Recent law enforcement actions demonstrate that established truth-in-advertising principles apply regardless of the language companies use to communicate. Some companies simply run identical ads in English and Spanish. For example, the FTC’s settlement with L’Oréal USA challenged the allegedly deceptive claims for Lancôme Génifique and L’Oréal Paris Youth Code skincare products running in English- and Spanish-language magazine advertisements. The FTC says the company didn’t have scientific support to prove its products provide anti-aging benefits by targeting users’ genes.
Other companies, such as the prepaid mobile provider TracFone, market the same services under a variety of names. For example, in addition to Straight Talk, Net10, and Simple Mobile, TracFone has targeted Hispanic consumers through its Telcel America brand. The FTC recently settled a lawsuit focused on allegedly deceptive claims of “unlimited” data made in ads disseminated under all four brand names. Telcel America customers will share a $40 million refund settlement with other TracFone customers.
Misleading or inconspicuous advertising disclosures—a deceptive practice perennially on the FTC’s law enforcement radar screen—show up in Spanish-language advertising, too. Among the recipients of warning letters sent as part of Operation Full Disclosure, the FTC’s latest offensive against buried terms and conditions in advertising, were companies advertising in Spanish. Recent cases challenging deceptive disclosures in automobile advertising cited examples in which dealerships touted favorable financing in attention-grabbing Spanish headlines, but revealed substantial attached strings in fine-print, English-language footnotes.
The FTC also takes action against fraudsters who aim questionable practices specifically at U.S. Hispanic consumers. In a lawsuit filed against California-based Oro Marketing and related companies, the FTC said telemarketers targeted Spanish-speaking women with false promises that they could make big money by reselling high-end fashion brands such as Gucci and Ralph Lauren. The prospective entrepreneurs shelled out cash to get started, but received shoddy, off-brand merchandise in return. When they refused to pay for the third-rate products, telemarketers turned up the heat with bogus threats of arrest, legal action, or referral to immigration authorities. The defendants ultimately agreed to turn over virtually all of their assets in a settlement, and the mastermind behind the scheme was banned from telemarketing for life.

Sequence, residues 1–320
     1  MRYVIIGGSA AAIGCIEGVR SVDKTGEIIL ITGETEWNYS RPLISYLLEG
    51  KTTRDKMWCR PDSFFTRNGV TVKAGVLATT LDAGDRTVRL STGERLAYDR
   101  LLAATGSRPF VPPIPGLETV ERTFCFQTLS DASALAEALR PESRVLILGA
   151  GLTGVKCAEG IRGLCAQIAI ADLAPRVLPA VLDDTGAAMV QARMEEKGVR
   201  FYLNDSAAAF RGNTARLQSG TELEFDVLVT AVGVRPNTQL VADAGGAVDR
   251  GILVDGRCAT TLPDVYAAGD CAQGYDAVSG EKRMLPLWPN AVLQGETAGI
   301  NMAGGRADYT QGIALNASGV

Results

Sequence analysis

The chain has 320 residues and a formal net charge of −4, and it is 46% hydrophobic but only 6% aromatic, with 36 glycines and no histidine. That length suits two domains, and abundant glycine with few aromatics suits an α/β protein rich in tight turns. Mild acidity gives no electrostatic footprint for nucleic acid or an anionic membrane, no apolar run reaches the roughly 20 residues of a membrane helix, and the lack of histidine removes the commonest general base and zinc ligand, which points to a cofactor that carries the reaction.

How is the FTC addressing deceptions targeting U.S. Hispanic consumers? Law enforcement is job No. 1, but the agency is also using new ways to reach out to Spanish-speaking consumers with guidance on how to protect themselves in the marketplace. The agency offers almost all of its educational resources, including brochures, videos, and quizzes, in Spanish at consumidor.ftc.gov.
In addition, the FTC has published a series of fotonovelas in Spanish as part of its ongoing effort to raise awareness about scams targeting the Latino community. Fans of the dramatic publications can read stories that illustrate common forms of fraud and offer tips on stopping scammers. U.S. Hispanics have the full protection of the FTC.
Lesley Fair is an attorney with the FTC’s Bureau of Consumer Protection.
The above post was adapted from the “Fair Trade” column published in the May/June 2015 issue of ER magazine.